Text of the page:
Dressing, communication styles, etc.

Sabine Dippel sabine at hlrz28.zam.kfa-juelich.de
Wed Aug 21 02:55:27 EST 1996


In article <3219FD4D.82D at salk.edu>, S L Forsburg <forsburg at salk.edu> writes: 
|> 
|> I've seen this a LOT.  One of my male  colleagues said to me
|> once that my matter of fact, objective, and calm style "hid the
|> quality of the work" compared to the showy, subjective, "Golly I'm
|> brilliant" style of others (where often they set up a straw man to
|> knock down). He added that "your stuff all seems so
|> logical, no one realizes how cool it is."  
|> Go figure!  (I should add that I enjoy speaking and I'm usually 
|> quite relaxed about it).
|> 
|>  Again, one of those things that tends
|> to divide women from men, although many men are objective presenters
|> and a few women are showy.  
|> 
|> My advice:  if you are developing a style, choose showy--you'll be
|> much better off.  

Just to add a bit on that: I am quite lucky that whatever story I tell 
(private or scientific) I get very lively - not what I would call showy,
but it keeps people from falling asleep and from forgetting me right away.
That's the way I am, and I don't need to put on an act (just like you, I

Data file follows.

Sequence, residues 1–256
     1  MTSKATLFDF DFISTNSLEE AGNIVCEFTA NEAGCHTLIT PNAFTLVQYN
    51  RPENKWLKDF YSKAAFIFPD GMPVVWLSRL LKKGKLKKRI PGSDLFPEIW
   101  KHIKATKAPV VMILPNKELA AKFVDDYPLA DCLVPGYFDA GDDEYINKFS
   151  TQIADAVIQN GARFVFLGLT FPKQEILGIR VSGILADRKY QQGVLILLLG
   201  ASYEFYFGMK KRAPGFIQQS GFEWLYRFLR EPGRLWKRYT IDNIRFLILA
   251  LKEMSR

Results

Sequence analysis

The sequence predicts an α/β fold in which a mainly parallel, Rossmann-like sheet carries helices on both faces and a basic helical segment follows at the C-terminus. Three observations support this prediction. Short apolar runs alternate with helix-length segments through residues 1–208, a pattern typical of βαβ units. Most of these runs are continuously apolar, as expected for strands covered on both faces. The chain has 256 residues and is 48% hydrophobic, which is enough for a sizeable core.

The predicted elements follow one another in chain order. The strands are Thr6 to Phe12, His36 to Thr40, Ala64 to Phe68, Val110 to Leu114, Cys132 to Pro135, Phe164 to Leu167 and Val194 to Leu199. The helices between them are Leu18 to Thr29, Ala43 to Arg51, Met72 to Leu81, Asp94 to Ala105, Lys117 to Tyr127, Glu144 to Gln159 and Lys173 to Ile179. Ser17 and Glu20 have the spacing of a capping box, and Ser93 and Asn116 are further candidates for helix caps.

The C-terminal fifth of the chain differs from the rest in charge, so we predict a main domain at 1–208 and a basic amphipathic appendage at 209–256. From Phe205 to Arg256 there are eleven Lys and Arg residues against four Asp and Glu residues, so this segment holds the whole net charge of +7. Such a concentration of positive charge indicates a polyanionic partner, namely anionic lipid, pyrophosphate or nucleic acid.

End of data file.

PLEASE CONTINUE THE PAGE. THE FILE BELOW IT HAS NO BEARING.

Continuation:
really enjoy speaking and am always very relaxed and completely "myself"). 

But as to the contents, i.e. to _what_ I say, that's a completely different 
matter. The problem is that once I have found out how something works, it 
does not seem that special to me any more, and I tend to point out the 
problems or new questions that have arisen from my results, forgetting to 
draw attention in the first place to the achievements which were necessary 
to find the new questions. In a talk, this may be overlooked, but in writing,
it has really negative effects. But I'm getting better at it. A few weeks
ago I got a referee report on a paper saying: "This paper looks okay to me.
However, it is quite long considering that the ultimate points are pretty
simple." (These 2 sentences were the whole report.) This really got to me, 
and made me aggressive enough to rewrite introduction and summary to point 
out the achievements of the work, and state that these results solve some
riddles that have been around for a while (no matter how simple they seem 
once they are found - I didn't say that though). Next time I will need no
referee to make me mad enough to write things that way - though it will still
be far more careful than what I see in so many other papers, but hey, I 
don't want to publish anything that might be "used as evidence against me".

But maybe it is possible to find a way in between the two presentation 
styles - my advisor (male) is a real good example of someone who seems to
have found it and is getting along with it quite well...

Sabine

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